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Basra's 'lost' imperial war grave

By Fergal Keane
BBC correspondent in Basra
Saturday, 20 September, 2003


From the distance you assume it to be one of those grandiose monuments to the vanity of Saddam Hussein. For this is a country where the only monuments allowed were usually those which glorified the dictator.

But turn off the broad highway, and across the sun blasted desert, past the gutted tanks of a defeated army, and the children running alongside with their hands outstretched for money. Drive across the old Ottoman rail line whose wooden sleepers long ago vanished for firewood, and on in the dust and heat until the track narrows and the monument comes clearly into view.

It is built of ochre coloured stone and when you get close it is obvious that it has nothing to do with Saddam. There is none of the grandiosity, none of the spectacular bad taste of 20th century dictator chic. This is the creation of a lost imperial age.

It's quickly obvious the memorial has nothing to do with Saddam

British troops are planning to commemorate fallen comrades

 

'Fallen warriors'

It is formed in roughly a semi-circle; there is a walkway which extends for several hundred yards and set into the stone are the names of hundreds of fallen British and Commonwealth troops. There is a pillar at the centre which informs the visitor that these are men who died in the Iraq campaign of 1914 to 1921. They fell here around Basra and in the hellish siege of Kut and at other nameless places in the Arabian desert. They fought the soldiers of the declining Ottoman empire and when that fight was done they fought the Shia of southern Iraq who rose to claim their own freedom. It was a bitter and bloody age.

Curiously Saddam preserved this monument. He had it moved, carefully, from the port to the desert but did not destroy it.

"Perhaps he had some feeling for the fallen warrior," a British officer said to me.

I doubted it but am at a loss still to understand why the dictator allowed this monument to the imperial dead to remain standing.

There is an appropriate silence here - even the money changers, children mostly, approach you in whispers with their wads of dinars. Over the decades the desert winds have done their work: segments of the slate have collapsed on the ground. There are little fragments of names scattered in the sand. A large crack has appeared where the men of the Western Ontario Regiment are remembered. Nearby is a sentence as sad as any I've read in war. It says simply: For Subhadar Mahanga and 1,770 other Indian soldiers.

Mutiny

As I walked I saw the names of my own countrymen: Flaherty, Nugent, Carney: men from the Royal Dublin Fusiliers and from the Connaught Rangers. The Connaught Rangers... when they left Iraq in 1921 they went to India and there they mutinied. Stories had reached them of reprisals carried out by British forces fighting the rebels in Ireland. Men who had fought a Shia rebellion in Iraq now took up arms against empire themselves. It failed of course. The leader of the mutiny was executed and the Connaught Rangers were disbanded.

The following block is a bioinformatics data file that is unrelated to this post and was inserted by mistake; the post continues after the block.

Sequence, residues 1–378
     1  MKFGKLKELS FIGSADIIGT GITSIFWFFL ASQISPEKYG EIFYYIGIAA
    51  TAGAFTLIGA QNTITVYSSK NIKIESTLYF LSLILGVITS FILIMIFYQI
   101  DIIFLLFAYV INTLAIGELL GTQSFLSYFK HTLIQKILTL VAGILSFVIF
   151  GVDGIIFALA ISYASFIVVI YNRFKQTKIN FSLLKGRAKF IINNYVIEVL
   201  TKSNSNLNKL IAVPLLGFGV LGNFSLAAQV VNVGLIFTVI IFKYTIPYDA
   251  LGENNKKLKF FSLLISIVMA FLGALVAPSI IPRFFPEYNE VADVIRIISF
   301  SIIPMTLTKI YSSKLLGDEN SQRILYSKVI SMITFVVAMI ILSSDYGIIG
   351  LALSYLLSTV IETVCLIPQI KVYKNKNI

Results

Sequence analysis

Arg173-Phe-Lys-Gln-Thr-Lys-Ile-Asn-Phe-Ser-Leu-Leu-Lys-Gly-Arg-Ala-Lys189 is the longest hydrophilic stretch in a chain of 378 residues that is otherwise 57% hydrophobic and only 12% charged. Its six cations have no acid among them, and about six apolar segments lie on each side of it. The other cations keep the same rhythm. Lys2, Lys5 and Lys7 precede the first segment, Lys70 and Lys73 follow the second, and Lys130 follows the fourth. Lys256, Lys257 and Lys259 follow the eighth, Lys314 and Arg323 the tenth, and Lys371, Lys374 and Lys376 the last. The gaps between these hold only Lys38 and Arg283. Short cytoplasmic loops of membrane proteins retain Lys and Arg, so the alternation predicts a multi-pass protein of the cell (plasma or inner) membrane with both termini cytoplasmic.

Come Remembrance Day, the monument will have been repaired, I'm told, and hundreds of troops will commemorate their fallen comrades. They will remember the soldiers who have died in this latest of Iraq's wars, and they will wonder what the months, maybe years, ahead will bring for the fighting men.

'Culture of brutality'

Iraq these days is no easy place for a teenager from Lancashire or Glasgow.There is a sullen acceptance of their presence but beneath Iraq's many surfaces the factions are aligning and re-aligning.

There are criminal gangs who specialise in everything from smuggling sheep to kidnapping young women for sale in other Arab countries. A few days back the military received a call to say several bodies had been dumped on the side of the road. They are sent to sort out the mess made by others. They were Sunni Muslims. They had been kidnapped by a Shia tribe, tortured, mutilated and dumped.

In the crowded streets patrolling troops are beset by locals demanding to know why they haven't solved all of the problems caused by Saddam, sanctions, war and the dreadful post-war planning, or lack of planning, of the Pentagon. Those I joined on patrol responded with tact and good humour, showing maturity way beyond their years.

But what happens to them depends much more on the bigger political picture, what happens in London, Washington and Baghdad. It also depends on the violent history of Iraq, how much of that culture of brutality has seeped into the present.

For this is a universal truth of peacekeeping. They are sent to sort out the mess made by others. It is a messy business and British lives have been lost already. Nobody expects the coming months to be any easier.

As I walked past the rows of names in the desert, I thought of that line from Plato: only the dead have seen the end of war.

 

Commonwealth War Graves Commision information can be found here.